She’s one of a few authors whose every work I’d like to read. I just got her collected short stories which should be amazing too.
    Thanks for the link.

    1. JacquiWine Post author

      Thanks, Caroline – you’re very welcome. I’ve had this novel for a while, but your review of Hide and Seek (coupled with Ali’s enthusiasm for Taylor) prompted me to take it off the shelf. I recall seeing Hide and Seek on your end-of-year round-up – one for my wishlist, I think. I’m sure you’ll enjoy her short stories. Taylor was one of my mother’s favourite authors and I wish I’d started reading her novels a little earlier in life.

  7. Scott W.

    I’ve only read Angel, a book I found terrific (and appreciated even more when I discovered that Taylor had modeled her protagonist in part on the astonishing Amanda McKittrick Ros). I’ll be sure to add Mrs. Palfrey to the list; from your review, it sounds terrific too.

    1. JacquiWine Post author

      Mrs Palfrey is great, Scott. I’m pretty confident you’ll enjoy it. Every character is so finely drawn, and the interactions so keenly observed…it’s just a terrific novel.

      I’m really looking forward to Angel as it seems to be a favourite amongst Taylor fans. Delighted to hear that you rate it too. I hadn’t realised Taylor had modelled her heroine on Amanda McKittrick Ros. I’ve heard the name, but I’m not familiar with her work – your comment leaves me intrigued to discover more about her.

      1. Scott W.

        There’s no better place to discover Ros than Jack Loudan’s O Rare Amanda!, a loving and hilarious biography – assuming you can find it (out of print). I did a post on it a couple of years ago.

        I’ll pick up Mrs. Palfrey at the library today.

  8. gertloveday

    Absolutely nothing to do with your post Jacqui but I can’t resist passing this on from “Wine Agony Aunt” in my newspaper, in answer to a question about whether you should drink white wine after red:
    “Drinking white wine after red doesn’t appear to be a problem – unless it is 3 am and you’re eyeing the white because you drank all the red, the cognac and the sole alternative is the advocaat gathering dust at the back of the pantry. At this juncture the only thing you should be quaffing is soluble painkillers, with a Berocca chaser.”

    1. JacquiWine Post author

      Haha! That’s excellent – thank you for brightening my morning. (Does anyone actually like Advocaat? I can recall a bottle lurking at the back of our drinks cabinet at home. My mother was the only person brave enough to risk it.)

      Of course drinking white after red is totally acceptable if the white is a sweet wine, something like a Sauternes or a late harvest Semillon. ;-)

  9. Emma

    Great review, Jacqui. So Caroline, Guy and now you! I must read this one of these days.
    I really like her style according to the quotes you picked.
    I sounds like a bittersweet story. It’s difficult to write well about old age without falling into ridicule or sentimentality.

    1. JacquiWine Post author

      Thanks, Emma. It’s a brilliant little novel, and I think you’d appreciate the interplay between the characters. The quotes are pretty representative, so if you like what you see here then I think you’d enjoy this one.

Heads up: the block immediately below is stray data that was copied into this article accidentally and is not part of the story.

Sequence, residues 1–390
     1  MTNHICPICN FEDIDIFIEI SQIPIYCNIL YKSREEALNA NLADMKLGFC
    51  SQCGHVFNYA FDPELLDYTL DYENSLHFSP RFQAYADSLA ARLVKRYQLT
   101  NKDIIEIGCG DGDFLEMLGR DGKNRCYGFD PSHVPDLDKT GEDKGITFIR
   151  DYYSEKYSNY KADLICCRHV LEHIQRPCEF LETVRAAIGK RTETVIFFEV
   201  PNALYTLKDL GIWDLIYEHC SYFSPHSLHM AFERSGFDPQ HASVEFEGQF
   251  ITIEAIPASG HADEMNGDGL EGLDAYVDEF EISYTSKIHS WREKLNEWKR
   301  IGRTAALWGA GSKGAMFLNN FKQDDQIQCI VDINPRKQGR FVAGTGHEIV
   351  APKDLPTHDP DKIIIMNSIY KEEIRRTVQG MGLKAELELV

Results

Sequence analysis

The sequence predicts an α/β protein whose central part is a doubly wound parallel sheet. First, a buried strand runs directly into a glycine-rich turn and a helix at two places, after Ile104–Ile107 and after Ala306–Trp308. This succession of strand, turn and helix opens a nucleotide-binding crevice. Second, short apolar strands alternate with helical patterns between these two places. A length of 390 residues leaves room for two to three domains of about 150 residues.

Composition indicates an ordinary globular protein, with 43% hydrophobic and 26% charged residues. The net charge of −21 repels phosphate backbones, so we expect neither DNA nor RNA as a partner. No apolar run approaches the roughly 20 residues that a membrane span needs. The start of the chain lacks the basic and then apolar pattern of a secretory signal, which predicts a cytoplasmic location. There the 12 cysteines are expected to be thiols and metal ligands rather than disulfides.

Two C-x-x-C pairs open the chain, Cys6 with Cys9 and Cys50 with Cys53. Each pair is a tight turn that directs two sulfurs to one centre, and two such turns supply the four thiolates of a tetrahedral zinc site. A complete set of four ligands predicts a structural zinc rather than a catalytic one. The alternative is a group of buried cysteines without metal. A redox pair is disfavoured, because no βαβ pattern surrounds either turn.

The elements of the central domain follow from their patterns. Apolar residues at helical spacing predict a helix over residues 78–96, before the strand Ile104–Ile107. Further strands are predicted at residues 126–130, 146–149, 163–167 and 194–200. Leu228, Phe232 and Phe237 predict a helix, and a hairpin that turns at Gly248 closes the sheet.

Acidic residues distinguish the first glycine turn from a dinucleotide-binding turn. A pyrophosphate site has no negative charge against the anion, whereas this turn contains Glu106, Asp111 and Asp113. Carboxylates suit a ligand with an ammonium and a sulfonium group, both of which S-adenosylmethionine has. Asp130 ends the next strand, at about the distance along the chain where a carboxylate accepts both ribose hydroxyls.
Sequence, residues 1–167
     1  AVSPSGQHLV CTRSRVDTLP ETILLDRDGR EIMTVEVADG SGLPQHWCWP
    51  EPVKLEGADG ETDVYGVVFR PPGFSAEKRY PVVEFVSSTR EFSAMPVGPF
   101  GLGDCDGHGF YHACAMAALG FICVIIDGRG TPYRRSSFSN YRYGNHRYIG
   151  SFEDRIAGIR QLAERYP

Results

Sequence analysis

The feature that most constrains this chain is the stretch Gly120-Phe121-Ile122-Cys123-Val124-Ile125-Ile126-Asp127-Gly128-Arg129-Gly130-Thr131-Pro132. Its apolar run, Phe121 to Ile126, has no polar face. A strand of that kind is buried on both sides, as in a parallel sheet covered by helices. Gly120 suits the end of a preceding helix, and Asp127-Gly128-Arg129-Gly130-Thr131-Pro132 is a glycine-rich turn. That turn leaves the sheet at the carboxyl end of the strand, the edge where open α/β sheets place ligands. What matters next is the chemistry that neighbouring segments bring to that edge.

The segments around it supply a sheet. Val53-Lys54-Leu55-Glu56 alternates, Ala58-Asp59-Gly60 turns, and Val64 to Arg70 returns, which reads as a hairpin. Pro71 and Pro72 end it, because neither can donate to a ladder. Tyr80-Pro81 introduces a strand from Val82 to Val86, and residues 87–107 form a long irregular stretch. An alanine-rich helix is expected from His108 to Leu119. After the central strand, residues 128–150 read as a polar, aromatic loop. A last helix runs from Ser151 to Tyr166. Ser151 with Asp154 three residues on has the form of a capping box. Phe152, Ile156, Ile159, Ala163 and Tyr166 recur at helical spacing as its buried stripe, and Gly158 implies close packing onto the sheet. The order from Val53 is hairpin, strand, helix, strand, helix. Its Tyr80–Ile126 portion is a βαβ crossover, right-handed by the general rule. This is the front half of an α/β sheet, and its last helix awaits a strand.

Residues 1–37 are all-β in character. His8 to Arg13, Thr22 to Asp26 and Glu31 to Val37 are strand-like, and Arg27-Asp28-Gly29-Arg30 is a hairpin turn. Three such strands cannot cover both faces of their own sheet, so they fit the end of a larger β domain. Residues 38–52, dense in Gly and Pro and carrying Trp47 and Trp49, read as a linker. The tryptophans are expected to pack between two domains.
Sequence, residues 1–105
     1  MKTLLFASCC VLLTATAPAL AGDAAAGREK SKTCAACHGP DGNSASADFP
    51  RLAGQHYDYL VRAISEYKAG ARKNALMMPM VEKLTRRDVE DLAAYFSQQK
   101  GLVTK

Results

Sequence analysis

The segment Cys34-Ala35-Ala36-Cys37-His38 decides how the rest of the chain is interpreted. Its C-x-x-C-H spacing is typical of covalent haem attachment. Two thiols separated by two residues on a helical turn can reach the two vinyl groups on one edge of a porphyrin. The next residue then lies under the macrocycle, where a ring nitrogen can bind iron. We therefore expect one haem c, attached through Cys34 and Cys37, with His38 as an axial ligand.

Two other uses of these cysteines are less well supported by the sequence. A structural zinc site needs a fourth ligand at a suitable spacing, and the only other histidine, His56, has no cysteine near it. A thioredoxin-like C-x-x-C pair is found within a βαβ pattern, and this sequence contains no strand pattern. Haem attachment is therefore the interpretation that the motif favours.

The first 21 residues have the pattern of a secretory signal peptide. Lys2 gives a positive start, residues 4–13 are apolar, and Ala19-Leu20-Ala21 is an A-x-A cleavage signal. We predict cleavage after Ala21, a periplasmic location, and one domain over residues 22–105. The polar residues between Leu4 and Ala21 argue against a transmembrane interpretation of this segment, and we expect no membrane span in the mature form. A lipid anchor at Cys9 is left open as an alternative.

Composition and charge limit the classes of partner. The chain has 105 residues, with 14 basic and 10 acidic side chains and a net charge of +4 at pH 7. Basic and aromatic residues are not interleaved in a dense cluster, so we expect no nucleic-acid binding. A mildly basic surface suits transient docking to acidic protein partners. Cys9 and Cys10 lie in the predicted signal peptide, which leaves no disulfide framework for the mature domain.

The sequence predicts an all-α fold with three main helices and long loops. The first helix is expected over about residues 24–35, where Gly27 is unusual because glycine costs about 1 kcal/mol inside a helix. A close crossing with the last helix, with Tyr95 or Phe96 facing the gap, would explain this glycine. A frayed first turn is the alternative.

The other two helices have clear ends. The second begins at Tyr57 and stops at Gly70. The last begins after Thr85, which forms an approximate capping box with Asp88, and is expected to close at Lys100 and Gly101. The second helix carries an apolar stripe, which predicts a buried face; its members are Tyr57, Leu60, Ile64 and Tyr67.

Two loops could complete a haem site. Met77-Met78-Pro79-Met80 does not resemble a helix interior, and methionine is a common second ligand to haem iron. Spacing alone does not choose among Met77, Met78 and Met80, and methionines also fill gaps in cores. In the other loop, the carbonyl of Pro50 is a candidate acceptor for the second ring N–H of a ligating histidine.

Bittersweet is a great word for it as there are flashes of humour and lightness alongside the heartache. You’re right, in the hands of a lesser writer this story could have tipped over into sentimentality or farce, but that’s not the case here. Quite an achievement.

  10. Jonathan

    Damn! I saw a copy, with that cover, in my local Oxfam (now closed), looked at it, contemplated buying it….but that cover was so offputting. I mean, we shouldn’t really choose a book because of the cover but sometimes it can’t be helped.

    I haven’t read anything by Taylor but have a copy of the film ‘Angel’ by Francois Ozon which I keep meaning to watch. Have you seen it?

    1. JacquiWine Post author

      Argh! The cover’s desperate (I much prefer the artwork on the old green Virago edition), and it’s such a shame because the book itself is terrific. It’s worth keeping an eye out for another copy.

      I haven’t seen the film version of Angel, but I’m a fan of Ozon’s work (loved 5×2 and Swimming Pool, enjoyed 8 Women and In the House, too). Angel is in my TBR pile so I’ll read the book first, but I’m curious about the film now that you’ve mentioned the Ozon connection!

  11. The Little Reader Library

    This is the only one I’ve read so far of hers but I liked it a lot. I really enjoyed reading your thoughts on it Jacqui, you’ve brought out some lovely points about it. A friend was kind enough to pass me some more of hers so I hope to read those one day soon.

    1. JacquiWine Post author

      Thanks, Lindsay – I’m glad it revived a few memories. It’s a lovely book, isn’t it? Full of characters you want to spend time with. I really liked the balance of light and shade, the moments of humour alongside the sadness. I hope you enjoy Taylor’s other novels, I definitely want to read more of her..

  12. litlove

    I do love your reviews, Jacqui, you give such perfect tributes to the book. I read this a couple of years ago and found it painfully moving, sharply funny and unexpectedly gripping. I am a dyed-in-the-wool fan of Elizabeth Taylor, who I’ve been reading for years. I tend to string her novels out, though, as I’m worried about the day when I’ve read them all! Her writing is just SO good and I completely agree with you that she excels at character portraits. Mr Litlove gave me In A Summer Season for Christmas, and I can see I will not be able to resist it much longer!